Things to think about when building your log store

Are you storing logs that are already ready to burn or are you storing logs you need to season?

For logs that are already ready to burn (moisture content less than 20%) you need a log store that’s in a convenient place for refilling your log basket. On a cold and wet winter’s evening, having to go down to the bottom of the garden in the dark to fetch logs is no fun, so you will probably want somewhere that’s fairly close to the house. You might also want to think about who in your household will be bringing in logs. Can you all reach the logs easily? Is there somewhere to put the log basket while you’re filling it? If there’s a door, is it easy to open and close? You also need to have a log store that you know will keep your logs dry. Unless the floor is completely dry all the time and under permanent cover (eg in a garage), you need to keep the logs off the ground and completely covered so that they don’t get wet.

If you have logs that need drying, then there are very different things to think about. Drying logs is in some ways the same as drying the washing: lots of sun and wind is best. Ideally, have your log store facing South, exposed to the wind and with an overhanging roof to keep the rain off. Make sure the logs are off the ground and that the sides (and back of the log store if there is one) allow lots of ventilation. Slatted sides work best to allow maximum air circulation; don’t stack the logs too deep or too tightly.

How big does the store need to be?

4-5 cubic metre log store
Picture shows a 4-5 cubic metre store

If you only buy logs that are ready to be burnt immediately, this can be straightforward to work out. Take the usual volume of logs you buy and reduce it by a third (neatly stacked logs take up 60% to 70% of the volume of loose fill logs). If you need to store kindling or briquettes as well, don’t forget to add space for them. Think about at what point you usually reorder. Do you like to have a good supply of logs always in store or do you only reorder when you’ve nearly run out? Adjust the size of your store accordingly. (And just in case it’s been far too long since those maths lessons at school, the volume of the store is calculated by multiplying width x depth x height 🙂 )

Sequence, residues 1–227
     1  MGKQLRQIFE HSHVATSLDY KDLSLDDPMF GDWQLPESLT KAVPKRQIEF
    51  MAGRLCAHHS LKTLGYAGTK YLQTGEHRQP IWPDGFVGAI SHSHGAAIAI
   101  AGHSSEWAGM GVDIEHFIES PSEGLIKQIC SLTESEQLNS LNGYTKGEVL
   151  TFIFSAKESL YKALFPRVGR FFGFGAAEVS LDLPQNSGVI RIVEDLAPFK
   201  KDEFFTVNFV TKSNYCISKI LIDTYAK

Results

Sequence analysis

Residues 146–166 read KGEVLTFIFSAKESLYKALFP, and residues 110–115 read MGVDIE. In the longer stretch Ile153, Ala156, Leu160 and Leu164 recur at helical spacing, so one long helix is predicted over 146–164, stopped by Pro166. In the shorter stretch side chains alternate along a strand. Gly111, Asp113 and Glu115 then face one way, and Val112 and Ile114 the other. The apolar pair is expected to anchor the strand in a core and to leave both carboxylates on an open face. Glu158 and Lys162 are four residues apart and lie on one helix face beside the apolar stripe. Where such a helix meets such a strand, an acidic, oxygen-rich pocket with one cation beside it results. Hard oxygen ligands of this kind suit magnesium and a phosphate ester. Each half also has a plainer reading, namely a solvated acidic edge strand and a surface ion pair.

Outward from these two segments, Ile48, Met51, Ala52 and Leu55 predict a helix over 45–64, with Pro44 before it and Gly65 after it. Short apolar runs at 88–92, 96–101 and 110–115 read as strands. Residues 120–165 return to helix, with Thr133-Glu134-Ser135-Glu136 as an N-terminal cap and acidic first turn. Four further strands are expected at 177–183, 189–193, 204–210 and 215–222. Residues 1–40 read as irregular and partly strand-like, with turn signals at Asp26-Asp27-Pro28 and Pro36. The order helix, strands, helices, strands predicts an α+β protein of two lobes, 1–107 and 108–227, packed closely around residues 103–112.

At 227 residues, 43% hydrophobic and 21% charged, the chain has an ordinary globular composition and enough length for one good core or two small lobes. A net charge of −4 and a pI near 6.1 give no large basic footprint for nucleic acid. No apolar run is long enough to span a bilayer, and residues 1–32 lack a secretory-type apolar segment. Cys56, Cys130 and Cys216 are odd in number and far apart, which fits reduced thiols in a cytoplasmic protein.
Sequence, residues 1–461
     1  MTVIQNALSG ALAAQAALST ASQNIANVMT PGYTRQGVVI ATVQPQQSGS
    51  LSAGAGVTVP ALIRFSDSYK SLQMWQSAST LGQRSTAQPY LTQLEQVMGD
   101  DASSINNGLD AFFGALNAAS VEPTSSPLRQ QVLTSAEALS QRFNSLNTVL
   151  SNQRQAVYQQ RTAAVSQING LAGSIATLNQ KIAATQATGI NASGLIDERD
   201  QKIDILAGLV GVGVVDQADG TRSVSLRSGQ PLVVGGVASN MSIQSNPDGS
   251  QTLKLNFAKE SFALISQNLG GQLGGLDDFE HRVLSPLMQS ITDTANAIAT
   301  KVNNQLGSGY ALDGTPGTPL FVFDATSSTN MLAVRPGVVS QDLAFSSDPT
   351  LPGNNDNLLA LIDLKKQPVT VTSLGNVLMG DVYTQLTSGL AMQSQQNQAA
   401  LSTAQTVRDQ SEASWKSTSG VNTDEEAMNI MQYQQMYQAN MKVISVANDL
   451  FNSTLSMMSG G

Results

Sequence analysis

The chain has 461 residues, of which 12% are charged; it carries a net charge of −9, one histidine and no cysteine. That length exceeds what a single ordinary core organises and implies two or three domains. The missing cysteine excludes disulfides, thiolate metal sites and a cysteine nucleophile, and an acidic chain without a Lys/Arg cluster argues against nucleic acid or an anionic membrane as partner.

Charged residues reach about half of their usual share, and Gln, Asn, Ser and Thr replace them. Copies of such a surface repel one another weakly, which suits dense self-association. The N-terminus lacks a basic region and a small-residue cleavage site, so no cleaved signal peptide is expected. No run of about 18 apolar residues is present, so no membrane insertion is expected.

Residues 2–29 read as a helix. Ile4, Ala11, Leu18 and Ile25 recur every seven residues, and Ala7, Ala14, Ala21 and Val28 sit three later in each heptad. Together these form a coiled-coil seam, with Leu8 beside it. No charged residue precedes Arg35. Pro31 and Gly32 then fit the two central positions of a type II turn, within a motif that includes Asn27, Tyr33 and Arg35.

If you’re drying logs, then it depends on what volume of logs you burn each year and how long your logs will need to dry. This will depend mainly on how wet they are to start off with. And there’s a range of things which influence that:

– What tree species are the logs? Less dense species like softwoods dry a lot quicker than hardwoods, particularly oak
– How big are the logs? Small logs dry quicker than large logs, rounds dry slowly and unsplit cordwood just doesn’t dry at all

What time of year was the tree felled? Trees are dormant in the winter with little sap but are full of sap in the spring. More sap means more drying time.

Whatever the state of your logs, you will need one store which has enough space for all the logs to be used for the the winter coming and an equally large store for logs to be used the following winter. Maybe even a third store for logs to be used in 2 winters’ time, particularly if you are storing large, hardwood logs.

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